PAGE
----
Haley peers across the street at the magnanimous mirrored green building with the prominent ‘pwc’ lowercase letters flush right on the top floor exterior. The ‘w’ is in italics, and this bothers her. She’s one of those women who refers to herself as a grammarian. Yes, it is snotty and affected, this title, but people really need to learn to use the English language correctly, Haley thinks. There is nothing more irksome than someone saying, “between you and I,” or “I feel badly.” And if a man says those things on a first date, it’s an immediate turnoff and rejected second date invitation.
But “don’t take it personal,” Haley jokes, playing on his misuse of adverbs. Mike, her latest reject, didn’t find this funny. In fact, he texted her the following day with a middle finger emoji and a Mean Girls meme referencing why she will be eternally single.
Haley’s struggles extend beyond courtship and dating into her flailing career. She knows it’s time to take work more seriously, and this is exactly why she’s prepping for her interview at PwC, or Price Waterhouse Coopers, which is in exactly 37 minutes. She orders a second nitro cold brew at Cafe Nero (which she initially mistakes for Cafe Nerd, because the ‘o’ looks more like a ‘d’) and scrolls through the company website aiming for a deep dive into the Leadership. She will be sure to mention these leaders in her interview with Tag Phillips, Senior Recruiter, to demonstrate her interview prep. This is a round one interview with Tag for the Salesforce Manager position on the Marketing team. Haley is already bored thinking about it, which is why she needs a second nitro cold brew, even though it’s ill-advised with her anxious temperament.
Two men sit behind her talking about Better Help, the online therapist network that has exploded along with all of telemedicine. The thinner man, with greying temples and pointy ears securing his tortoise shell glasses extols the convenience of this type of therapy. Haley wonders if he’s in the mental health field or just a loser. She jots down the name of two directors at PwC on the little black spiral notebook she carries with her for ideas. Then, she applies a gold-flaked lip gloss, checks her teeth in her phone’s camera, and packs up her laptop, glasses and air buds.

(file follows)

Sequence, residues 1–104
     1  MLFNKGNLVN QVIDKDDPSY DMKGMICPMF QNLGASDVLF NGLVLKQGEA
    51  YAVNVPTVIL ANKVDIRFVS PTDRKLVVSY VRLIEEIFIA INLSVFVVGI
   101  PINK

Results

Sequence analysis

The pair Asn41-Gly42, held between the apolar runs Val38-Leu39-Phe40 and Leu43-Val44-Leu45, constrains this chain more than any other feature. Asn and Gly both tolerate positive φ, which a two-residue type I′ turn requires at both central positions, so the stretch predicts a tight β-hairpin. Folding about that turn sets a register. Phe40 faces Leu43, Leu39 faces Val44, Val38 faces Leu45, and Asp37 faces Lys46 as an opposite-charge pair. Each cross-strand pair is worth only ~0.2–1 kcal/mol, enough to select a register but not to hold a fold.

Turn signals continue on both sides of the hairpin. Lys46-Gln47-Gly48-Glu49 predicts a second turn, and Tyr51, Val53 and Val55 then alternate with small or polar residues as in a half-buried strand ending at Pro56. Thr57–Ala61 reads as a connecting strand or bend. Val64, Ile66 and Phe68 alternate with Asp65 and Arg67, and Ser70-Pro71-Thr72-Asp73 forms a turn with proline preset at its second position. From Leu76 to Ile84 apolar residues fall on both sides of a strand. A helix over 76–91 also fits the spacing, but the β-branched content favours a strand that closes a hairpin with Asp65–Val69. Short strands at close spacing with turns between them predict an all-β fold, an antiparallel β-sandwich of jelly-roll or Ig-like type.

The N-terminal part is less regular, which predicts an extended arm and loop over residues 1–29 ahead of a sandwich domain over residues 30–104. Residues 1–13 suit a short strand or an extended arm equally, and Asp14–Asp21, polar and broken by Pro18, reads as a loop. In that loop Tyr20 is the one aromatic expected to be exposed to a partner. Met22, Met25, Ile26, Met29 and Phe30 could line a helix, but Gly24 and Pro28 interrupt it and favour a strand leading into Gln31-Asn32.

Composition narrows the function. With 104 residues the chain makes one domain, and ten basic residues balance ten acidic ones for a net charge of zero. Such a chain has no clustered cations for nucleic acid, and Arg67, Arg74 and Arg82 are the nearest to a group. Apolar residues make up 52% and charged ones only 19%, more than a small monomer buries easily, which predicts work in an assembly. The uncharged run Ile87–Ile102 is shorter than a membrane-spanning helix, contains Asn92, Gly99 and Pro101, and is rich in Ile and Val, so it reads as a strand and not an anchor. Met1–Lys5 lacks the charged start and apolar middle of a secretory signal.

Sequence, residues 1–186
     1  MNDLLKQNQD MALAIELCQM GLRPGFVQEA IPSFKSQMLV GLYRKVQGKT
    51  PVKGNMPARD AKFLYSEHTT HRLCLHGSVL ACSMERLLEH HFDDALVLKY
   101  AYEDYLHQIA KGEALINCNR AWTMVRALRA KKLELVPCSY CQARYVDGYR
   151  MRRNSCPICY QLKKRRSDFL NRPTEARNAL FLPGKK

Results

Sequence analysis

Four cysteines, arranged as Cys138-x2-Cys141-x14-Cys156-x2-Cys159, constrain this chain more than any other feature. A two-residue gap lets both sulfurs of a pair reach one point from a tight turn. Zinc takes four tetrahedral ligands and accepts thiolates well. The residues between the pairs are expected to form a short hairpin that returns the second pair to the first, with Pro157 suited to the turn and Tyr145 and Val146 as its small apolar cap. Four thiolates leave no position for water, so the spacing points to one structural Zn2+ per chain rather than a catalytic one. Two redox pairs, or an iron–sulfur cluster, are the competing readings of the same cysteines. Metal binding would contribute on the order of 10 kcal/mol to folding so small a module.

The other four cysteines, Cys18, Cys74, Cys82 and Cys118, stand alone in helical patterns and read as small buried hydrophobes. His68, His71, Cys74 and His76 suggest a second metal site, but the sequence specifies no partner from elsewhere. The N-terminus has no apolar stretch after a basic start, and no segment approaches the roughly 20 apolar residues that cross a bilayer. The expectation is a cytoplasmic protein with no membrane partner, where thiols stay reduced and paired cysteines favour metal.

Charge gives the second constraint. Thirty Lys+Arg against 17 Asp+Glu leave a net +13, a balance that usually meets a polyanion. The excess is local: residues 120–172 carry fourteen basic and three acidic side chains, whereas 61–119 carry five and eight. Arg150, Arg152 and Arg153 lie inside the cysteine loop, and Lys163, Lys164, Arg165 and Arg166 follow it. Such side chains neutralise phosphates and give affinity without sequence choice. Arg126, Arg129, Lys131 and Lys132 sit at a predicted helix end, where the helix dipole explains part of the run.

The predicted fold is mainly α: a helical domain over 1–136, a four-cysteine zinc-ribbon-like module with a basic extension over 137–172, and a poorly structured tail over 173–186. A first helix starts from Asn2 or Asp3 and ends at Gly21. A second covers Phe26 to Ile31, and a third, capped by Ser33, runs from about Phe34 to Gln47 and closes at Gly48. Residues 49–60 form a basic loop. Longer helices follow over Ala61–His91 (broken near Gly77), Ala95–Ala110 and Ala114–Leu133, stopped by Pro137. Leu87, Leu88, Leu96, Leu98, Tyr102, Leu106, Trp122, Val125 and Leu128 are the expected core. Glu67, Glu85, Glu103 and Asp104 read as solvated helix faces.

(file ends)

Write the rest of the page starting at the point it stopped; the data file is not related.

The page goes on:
When she arrives at reception, Haley checks her underarms for clammy sweat. She tries to recall if she put on her deodorant, and if she took her medications, but it’s unclear. She didn’t think she even wanted this job, but now her nerves are getting the best of her. After all, she has a lot weighing on it. First off, Haley desperately needs to start making more money, since she has no excuse for the debt she’s accrued since graduate school and pays exorbitant monthly rent to live in a condo at the Shipyard on Boston’s South Shore. Her parents advised her against getting a Master’s in English Literature at B.U., but she did it anyway. More recently, they had an intervention and affirmed she was no longer welcome to ask for a financial bailout.
Haley moved to Hingham about ten years after her friends’ mass exodus from Beacon Hill and Back Bay to the suburbs. She was like the last girl at the party in her late-30s, and she hoped moving to Hingham would enable her to meet one of the divorced single men who seemed to inhabit the Shipyard condos. These condos appear to be a place of transition, rumored to be occupied by hot single men and divorcees as well as recent transplants to the area and loners. Haley is always in transition, which, up until now, didn’t seem to be a problem. She is a self-proclaimed life enthusiast and spontaneous. But she knows she needs to set down some roots, starting with an impressive marketing job in Boston at PwC.